nosedive


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go into a nosedive

1. Of an aircraft, to go into a sudden and rapid descent toward the ground leading with the nose of the plane. Everyone started panicking when we went into a nosedive, but the skilled pilot managed to regain control of the plane and landed it safely.
2. Of a person, to fall toward the ground face first. I was so distracted by the girl I like in class that I ended up tripping and going into a nosedive right in front of her.
3. To suddenly and rapidly begin to decline in physical, emotional, or psychological health or stability; to suffer a sudden loss or decline in value or success. My father held out bravely in his fight against cancer, but I'm afraid he's gone into a nosedive in the last couple of weeks. Shares in the company went into a nosedive when news of the tax scandal went public.
See also: nosedive

take a nosedive

1. Of an aircraft, to go into a sudden and rapid descent toward the ground leading with the nose of the plane. Everyone went into a panic when we started taking a nosedive, but the skilled pilot managed to regain control of the plane and landed it safely.
2. Of a person, to fall toward the ground face first. I was so distracted by the girl I like in class that I tripped and took a nosedive right in front of her.
3. By extension, to suddenly and rapidly begin to decline in physical, emotional, or psychological health or stability; to suffer a sudden loss or decline in value or success. My father has held out bravely in his fight against cancer, but I'm afraid he's taken a nosedive in the last couple of weeks. Shares in the company are taking a nosedive ever since news of the tax scandal went public.
See also: nosedive, take

go into a nosedive

 and take a nosedive 
1. Lit. [for an airplane] suddenly to dive toward the ground, nose first. It was a bad day for flying, and I was afraid we'd go into a nosedive. The small plane took a nosedive. The pilot was able to bring it out at the last minute, so the plane didn't crash.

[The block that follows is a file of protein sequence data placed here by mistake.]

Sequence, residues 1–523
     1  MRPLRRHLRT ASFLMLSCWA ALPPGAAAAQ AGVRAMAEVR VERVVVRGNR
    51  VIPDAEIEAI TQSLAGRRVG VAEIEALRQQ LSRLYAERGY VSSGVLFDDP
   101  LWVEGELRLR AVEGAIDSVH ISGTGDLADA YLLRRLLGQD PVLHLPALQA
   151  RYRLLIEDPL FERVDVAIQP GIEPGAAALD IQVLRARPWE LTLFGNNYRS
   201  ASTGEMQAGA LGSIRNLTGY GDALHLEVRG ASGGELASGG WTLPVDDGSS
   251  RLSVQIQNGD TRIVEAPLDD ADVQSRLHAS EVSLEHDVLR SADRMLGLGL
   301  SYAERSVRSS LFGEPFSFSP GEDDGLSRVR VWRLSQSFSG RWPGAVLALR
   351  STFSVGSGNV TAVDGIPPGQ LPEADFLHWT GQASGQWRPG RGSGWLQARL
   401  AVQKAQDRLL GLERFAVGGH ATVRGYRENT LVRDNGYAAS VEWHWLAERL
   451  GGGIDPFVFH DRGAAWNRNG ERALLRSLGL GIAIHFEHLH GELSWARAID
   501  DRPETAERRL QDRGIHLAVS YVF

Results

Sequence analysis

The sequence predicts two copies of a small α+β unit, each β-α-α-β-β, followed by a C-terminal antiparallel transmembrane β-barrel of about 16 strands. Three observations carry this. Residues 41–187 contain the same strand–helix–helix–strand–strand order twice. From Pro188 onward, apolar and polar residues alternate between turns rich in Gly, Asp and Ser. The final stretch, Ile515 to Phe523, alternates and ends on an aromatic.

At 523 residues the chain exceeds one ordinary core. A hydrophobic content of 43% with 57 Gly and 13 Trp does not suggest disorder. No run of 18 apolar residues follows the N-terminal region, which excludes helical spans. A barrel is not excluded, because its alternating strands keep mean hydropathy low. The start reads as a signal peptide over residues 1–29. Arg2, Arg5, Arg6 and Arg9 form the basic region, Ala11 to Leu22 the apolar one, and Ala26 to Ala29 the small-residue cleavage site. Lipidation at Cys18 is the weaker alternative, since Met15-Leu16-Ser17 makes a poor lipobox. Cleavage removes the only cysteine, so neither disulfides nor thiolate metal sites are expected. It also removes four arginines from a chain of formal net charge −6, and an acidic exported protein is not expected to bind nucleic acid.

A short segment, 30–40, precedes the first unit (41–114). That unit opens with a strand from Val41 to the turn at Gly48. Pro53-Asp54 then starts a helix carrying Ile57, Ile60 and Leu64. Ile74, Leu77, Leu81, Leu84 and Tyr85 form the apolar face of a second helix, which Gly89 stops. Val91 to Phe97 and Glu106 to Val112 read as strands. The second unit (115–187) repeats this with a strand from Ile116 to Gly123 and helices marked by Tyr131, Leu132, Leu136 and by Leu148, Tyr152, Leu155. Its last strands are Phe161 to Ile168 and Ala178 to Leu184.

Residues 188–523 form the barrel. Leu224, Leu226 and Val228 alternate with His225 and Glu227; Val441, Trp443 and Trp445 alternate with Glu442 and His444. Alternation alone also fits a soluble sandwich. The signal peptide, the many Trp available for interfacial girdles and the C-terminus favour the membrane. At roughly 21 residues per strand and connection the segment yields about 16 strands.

2. . Fig. [for someone] to fall to the ground face first. She took a nosedive and injured her face.
3. . Fig. to go into a rapid emotional or financial decline, or a decline in health. Our profits took a nosedive last year. After he broke his hip, Mr. Brown's health went into a nosedive, and he never recovered.
See also: nosedive

nosedive

n. a great drop; a great decline. (see also take a nosedive.) This year our profits have taken a nosedive.

take a nosedive

tv. to collapse; to fail. The market took a nosedive again today.
See also: nosedive, take
References in periodicals archive ?
To avoid a collision with the DC-10, the jumbo jet went into the nosedive that caused more than 50 crew members and passengers to be injured, the indictment said.
The equity took a nosedive in early October when British regulators made a move to shut down CHIR's flu shot manufacturing operations.
Inset, pilot Jimmy with model of his Mustang Panic grips crowd in last seconds of the plane's nosedive Debris after the disaster
The plane came down in a bit of a nosedive because you obviously have to get down as quick as you can.
Kieren Fallon went one better than Dettori as he registered a 307-1 treble, courtesy of Sonny Parkin, Nosedive and Meetings Man.
K Fallon BETTING: 11-2 Hoof It, 7-1 Swilly Ferry, 15-2 Madam Macie, 10-1 The Only Boss, 11-1 Side Glance, Coolminx, 14-1 Victoire De Lyphar, Nosedive, Tomintoul Singer, Astrophysical Jet, Colonel Mak, Midnight Martini, 16-1 others.
The city's seamy side overpowers him, and Nell slips into a self-destructive nosedive.
Horrified witnesses told of the right-side engine of the plane appearing to blow up and the aircraft going into a nosedive.
Whenever you run low on energy, whether it's during a long run or because you've skipped a meal, your blood sugar level takes a nosedive.
HIGH STREET giant Marks & Spencer today reported a 43 per cent nosedive in its half-year profits and buckled under years of pressure to accept credit cards.
The stock market may still take another nosedive, but on Jupiter the crash of '98 is already history.
The 20-year-old firm found its long-term niche as a "re-developer" in the mid-'80s, after marginal real estate in the Sunbelt and then other regions took a nosedive.
Still, there's no one definitive reason why some businesses thrive while others take a nosedive.
After World War I, however, scientists began to depend on airplanes and balloons more often in their studies, so the popularity of research kites took a nosedive.
We have literally had customers write and thank us for providing them with drives that didn't take a nosedive when they upgraded to 10.